IT’S not the thought of losing their jobs that is worrying Carlene Hurst Nurse Practitioner Mental Health and her Mental Health nurse colleague Sandra Challis, rather it is letting nearly 100 vulnerable clients down, most of which would then struggle to have their mental health needs met by existing services within this rural location.
“When I first heard that the funding for the Mental Health nurse program at Foster and Toora Medical Centre was going to tender after it being reoccurring through Gippsland Primary Healthcare Network since 2014, I felt sick in the stomach and could hardly meet my client’s eyes when we talked about any long-term planning” says Carlene who has been working in the Mental Health nursing role since January 2011.
“Given how difficult it has been for people in general with the pandemic, I was disappointed in the timing of this funding upheaval, I’m now even more troubled by the timing of the public consultation phase which opened for online bookings yesterday, 9/9/21, with the sessions for health professionals, stakeholders and providers of services starting as early as Thursday 16/9 and the community consultation on the 23/9 and 29/9.”
“The community consultation is incredibly important as it allows people to voice what they would like for this local area in the way of mental health services, it allows people who have experienced mental health issues or have cared for someone with a mental health issue to speak up about what they feel is necessary, it’s not just about the work that Sandra and I are doing” said Carlene.
Another problem Carlene says, is that the community consultation relies on people being able to access a computer to not only sign up but to be part of the consultative process through Zoom. “Despite Covid-19 restrictions, it’s difficult to understand how, given the disparate population that is being asked to have their say, only one way of communicating, which is not at all easy for some, is being permitted. There is only an email address on the flyer, not even a phone number for people to ring if they want to ask more about the process.”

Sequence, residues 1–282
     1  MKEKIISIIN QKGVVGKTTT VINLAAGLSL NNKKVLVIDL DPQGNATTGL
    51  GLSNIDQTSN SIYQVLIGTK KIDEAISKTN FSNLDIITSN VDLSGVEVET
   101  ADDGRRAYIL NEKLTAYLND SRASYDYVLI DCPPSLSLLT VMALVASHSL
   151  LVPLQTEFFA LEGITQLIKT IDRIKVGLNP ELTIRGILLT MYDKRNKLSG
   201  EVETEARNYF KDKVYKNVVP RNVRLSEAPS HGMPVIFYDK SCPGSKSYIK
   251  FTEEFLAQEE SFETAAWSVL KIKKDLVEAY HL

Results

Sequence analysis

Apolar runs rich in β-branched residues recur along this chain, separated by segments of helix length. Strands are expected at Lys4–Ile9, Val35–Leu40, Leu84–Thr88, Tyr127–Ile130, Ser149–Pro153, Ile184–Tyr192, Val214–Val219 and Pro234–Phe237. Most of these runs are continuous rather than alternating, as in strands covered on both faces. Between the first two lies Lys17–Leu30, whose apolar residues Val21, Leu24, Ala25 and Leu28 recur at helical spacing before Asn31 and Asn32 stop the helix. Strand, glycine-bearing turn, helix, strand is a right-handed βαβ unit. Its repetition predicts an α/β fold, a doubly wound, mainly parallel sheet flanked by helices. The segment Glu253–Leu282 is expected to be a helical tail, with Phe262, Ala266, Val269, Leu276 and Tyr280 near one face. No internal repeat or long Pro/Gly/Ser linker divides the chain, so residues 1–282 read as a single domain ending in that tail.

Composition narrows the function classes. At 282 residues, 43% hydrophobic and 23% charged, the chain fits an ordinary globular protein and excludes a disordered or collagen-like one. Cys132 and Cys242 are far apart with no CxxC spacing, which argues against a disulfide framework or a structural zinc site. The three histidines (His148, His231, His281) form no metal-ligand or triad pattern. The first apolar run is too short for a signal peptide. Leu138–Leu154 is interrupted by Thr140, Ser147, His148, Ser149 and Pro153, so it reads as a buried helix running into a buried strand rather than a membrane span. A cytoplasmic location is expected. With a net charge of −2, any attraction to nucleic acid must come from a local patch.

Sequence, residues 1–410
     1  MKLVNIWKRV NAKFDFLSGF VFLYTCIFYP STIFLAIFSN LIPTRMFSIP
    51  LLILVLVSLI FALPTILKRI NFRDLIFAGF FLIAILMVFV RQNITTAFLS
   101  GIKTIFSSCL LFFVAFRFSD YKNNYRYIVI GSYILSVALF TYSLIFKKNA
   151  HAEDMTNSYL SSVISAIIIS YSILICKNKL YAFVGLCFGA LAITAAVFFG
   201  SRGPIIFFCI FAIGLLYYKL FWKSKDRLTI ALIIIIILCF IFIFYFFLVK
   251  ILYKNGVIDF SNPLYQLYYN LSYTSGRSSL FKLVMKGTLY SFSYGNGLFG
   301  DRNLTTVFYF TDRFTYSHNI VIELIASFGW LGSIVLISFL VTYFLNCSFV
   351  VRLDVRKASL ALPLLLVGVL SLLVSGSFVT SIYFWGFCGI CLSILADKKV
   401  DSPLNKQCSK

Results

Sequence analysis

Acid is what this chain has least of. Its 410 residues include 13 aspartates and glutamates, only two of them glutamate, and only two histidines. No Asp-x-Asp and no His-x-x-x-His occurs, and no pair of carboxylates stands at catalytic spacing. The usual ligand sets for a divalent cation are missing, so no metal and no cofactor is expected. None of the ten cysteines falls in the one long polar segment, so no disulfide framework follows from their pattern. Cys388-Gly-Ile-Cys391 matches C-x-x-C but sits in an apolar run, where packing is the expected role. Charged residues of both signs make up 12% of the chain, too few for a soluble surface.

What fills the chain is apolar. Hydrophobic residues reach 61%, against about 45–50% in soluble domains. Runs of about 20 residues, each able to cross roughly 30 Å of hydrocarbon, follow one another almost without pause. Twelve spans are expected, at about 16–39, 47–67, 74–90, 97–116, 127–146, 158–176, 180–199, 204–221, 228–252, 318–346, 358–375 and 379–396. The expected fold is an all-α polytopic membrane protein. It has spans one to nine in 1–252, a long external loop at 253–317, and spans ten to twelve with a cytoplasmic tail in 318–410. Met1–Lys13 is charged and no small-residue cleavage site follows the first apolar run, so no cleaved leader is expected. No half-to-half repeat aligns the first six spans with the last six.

The funds are held by Gippsland Primary Health Network which is within the federal health portfolio. The funding changes are underpinned by the outcomes of the Royal Commission into Mental Health services, which spoke at length about the “missing middle” – the people who were complex or too ill to be able to easily navigate the existing system.
Dr Phil Worboys, when asked his thoughts, is the first to agree that the Royal Commission highlighted extensive difficulties for people being able to find help. He feels that since having Carlene and then Sandra here in Foster, the local general practitioners have been able to mitigate these issues and ensure a ‘wrap around service’ that prevented fewer people from falling through the cracks in an otherwise substantially flawed system.
“We have also been lucky to have an amazing team of local private psychologists, mental health social workers, that have added to a team of supports which compared to when I first started has ensured that people can access help when it’s needed”.
Dr Worboys, along with the other principals of the Foster and Toora Medical Centre, Dr Owen Casson and Dr Ruyu Yao, ask people to go to the Gippsland Primary Health Network website, go into the events calendar and select a date for either GPHN 2022/23 Primary Health mental health care and AOD commissioning forum if you are a health professional, stakeholder or provider of service or if you are a community member scroll to GPHN Commissioning event.
Help us set priorities for further mental health services and drug / alcohol support in the community. Or ring 03 5175 5444 GPHN switchboard to ask how you can be part of the forums if you are unable to go online.
The more people that are part of this consultation process from our local area the more chance there is of these rural locations unique needs being heard and understood by GPHN.